Love, Religious Style

Daniel M of Good Reason relays this poignant anecdote:

I was on a long car trip with my very Mormon mother. Out of the blue, she said, “So you think it’s okay for gay people to get married, do you?”

“Yeah,” I said. “I think it’ll be fine.”

Mom said “What if your sons turned out gay? Then what would you say?”

“If they turned out gay, I’d say ‘I love you, son, and I want you to be happy and be with someone you love.’”

She said “I think you’ve lost your mind.”

“Oh, come on, Mom. What if I’d turned out gay? You might find it a little hard to understand, but you’d still love me, wouldn’t you?”

And there was a long silence.

And she said simply, “Well… I don’t know.”

Now my mom’s a good person who loves me a lot. (Of course, I am straight.) I don’t know if she feels that way because of the Mormon church, or because she’s from a slightly older generation. But whatever could make a person feel that way about their own child — that is some bad fucking mojo right there.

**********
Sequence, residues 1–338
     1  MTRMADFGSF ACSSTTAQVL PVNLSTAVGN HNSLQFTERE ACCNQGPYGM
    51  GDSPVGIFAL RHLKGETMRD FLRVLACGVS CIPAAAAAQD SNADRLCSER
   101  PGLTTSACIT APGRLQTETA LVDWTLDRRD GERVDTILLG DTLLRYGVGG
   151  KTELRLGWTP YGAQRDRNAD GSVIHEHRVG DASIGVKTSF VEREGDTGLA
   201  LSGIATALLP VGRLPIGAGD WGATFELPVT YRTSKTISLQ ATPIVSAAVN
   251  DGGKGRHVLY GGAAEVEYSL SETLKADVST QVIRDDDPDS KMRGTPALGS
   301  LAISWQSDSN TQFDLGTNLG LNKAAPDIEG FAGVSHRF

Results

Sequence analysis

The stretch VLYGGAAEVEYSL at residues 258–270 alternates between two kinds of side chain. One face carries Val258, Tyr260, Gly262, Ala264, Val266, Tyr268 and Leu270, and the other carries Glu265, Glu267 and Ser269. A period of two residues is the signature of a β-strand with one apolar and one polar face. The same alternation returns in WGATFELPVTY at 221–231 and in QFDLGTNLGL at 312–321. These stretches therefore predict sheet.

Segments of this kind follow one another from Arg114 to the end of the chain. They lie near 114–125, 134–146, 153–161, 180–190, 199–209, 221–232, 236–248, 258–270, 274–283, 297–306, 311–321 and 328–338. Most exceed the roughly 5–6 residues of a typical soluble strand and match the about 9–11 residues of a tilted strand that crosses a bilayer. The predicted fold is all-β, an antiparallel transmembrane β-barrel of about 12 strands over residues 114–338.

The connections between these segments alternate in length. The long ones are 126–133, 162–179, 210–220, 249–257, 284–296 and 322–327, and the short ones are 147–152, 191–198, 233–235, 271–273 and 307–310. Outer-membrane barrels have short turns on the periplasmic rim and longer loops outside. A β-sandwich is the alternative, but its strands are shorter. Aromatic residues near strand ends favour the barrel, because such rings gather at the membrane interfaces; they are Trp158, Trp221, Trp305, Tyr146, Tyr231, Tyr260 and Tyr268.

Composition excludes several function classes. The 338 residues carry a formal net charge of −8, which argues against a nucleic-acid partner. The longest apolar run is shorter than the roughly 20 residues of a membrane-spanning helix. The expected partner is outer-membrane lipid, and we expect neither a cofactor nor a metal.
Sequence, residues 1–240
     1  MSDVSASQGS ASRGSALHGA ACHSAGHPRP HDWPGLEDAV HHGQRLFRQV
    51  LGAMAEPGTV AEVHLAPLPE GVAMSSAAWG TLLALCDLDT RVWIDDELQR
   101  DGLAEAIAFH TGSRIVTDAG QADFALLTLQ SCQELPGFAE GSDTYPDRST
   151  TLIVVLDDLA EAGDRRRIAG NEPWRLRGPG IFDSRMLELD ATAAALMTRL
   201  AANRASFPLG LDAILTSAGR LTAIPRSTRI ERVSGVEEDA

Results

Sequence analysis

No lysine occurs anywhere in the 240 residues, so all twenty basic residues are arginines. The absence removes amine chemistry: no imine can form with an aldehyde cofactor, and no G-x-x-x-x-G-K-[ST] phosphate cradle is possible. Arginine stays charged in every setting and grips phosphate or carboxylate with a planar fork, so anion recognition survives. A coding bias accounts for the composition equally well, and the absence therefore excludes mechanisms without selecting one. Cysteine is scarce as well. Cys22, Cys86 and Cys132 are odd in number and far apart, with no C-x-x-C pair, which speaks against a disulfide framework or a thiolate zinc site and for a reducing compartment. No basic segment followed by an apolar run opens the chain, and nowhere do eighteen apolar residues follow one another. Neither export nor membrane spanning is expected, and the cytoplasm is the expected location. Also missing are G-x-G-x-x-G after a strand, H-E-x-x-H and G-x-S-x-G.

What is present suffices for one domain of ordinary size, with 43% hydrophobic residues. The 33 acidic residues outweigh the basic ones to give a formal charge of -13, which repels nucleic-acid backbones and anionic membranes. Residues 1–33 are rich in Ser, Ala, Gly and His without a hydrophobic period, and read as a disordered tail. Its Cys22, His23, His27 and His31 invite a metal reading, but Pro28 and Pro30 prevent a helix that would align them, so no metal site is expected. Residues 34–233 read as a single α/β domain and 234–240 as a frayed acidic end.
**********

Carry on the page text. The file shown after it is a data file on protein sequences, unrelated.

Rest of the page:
So I want to apologise profusely to every gay person out there for everything that our society puts you through in life. I’m so sorry. Please forgive us all. Some of us are getting there.

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About Daniel Fincke

Dr. Daniel Fincke  has his PhD in philosophy from Fordham University and spent 11 years teaching in college classrooms. He wrote his dissertation on Ethics and the philosophy of Friedrich Nietzsche. On Camels With Hammers, the careful philosophy blog he writes for a popular audience, Dan argues for atheism and develops a humanistic ethical theory he calls “Empowerment Ethics”. Dan also teaches affordable, non-matriculated, video-conferencing philosophy classes on ethics, Nietzsche, historical philosophy, and philosophy for atheists that anyone around the world can sign up for. (You can learn more about Dan’s online classes here.) Dan is an APPA  (American Philosophical Practitioners Association) certified philosophical counselor who offers philosophical advice services to help people work through the philosophical aspects of their practical problems or to work out their views on philosophical issues. (You can read examples of Dan’s advice here.) Through his blogging, his online teaching, and his philosophical advice services each, Dan specializes in helping people who have recently left a religious tradition work out their constructive answers to questions of ethics, metaphysics, the meaning of life, etc. as part of their process of radical worldview change.


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